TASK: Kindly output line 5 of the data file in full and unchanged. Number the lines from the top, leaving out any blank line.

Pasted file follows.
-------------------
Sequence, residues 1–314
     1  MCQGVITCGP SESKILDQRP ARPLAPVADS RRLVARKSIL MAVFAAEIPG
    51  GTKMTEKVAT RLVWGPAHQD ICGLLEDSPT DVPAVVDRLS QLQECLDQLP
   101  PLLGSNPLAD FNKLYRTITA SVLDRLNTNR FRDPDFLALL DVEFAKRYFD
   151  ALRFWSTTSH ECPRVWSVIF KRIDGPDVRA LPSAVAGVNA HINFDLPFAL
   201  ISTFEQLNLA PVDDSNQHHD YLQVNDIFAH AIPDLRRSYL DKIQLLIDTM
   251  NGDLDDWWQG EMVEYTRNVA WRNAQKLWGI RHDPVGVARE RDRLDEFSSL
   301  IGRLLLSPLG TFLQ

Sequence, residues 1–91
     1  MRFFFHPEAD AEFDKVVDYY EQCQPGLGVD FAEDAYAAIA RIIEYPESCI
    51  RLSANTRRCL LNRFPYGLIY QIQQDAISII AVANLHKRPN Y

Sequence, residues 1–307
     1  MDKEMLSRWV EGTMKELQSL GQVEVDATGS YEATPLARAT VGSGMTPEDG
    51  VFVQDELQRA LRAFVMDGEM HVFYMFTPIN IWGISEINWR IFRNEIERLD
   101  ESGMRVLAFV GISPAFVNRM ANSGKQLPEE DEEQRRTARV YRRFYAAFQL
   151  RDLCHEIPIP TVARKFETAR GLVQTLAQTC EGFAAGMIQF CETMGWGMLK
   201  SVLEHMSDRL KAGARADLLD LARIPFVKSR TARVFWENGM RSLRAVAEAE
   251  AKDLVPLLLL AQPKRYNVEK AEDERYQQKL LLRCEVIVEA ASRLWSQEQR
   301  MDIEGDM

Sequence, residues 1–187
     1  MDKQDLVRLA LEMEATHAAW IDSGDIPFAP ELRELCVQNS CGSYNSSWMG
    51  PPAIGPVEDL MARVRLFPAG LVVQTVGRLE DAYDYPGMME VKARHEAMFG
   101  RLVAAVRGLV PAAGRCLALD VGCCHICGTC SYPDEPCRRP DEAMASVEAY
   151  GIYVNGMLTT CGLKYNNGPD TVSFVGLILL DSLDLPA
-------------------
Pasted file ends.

   151  ALRFWSTTSH ECPRVWSVIF KRIDGPDVRA LPSAVAGVNA HINFDLPFAL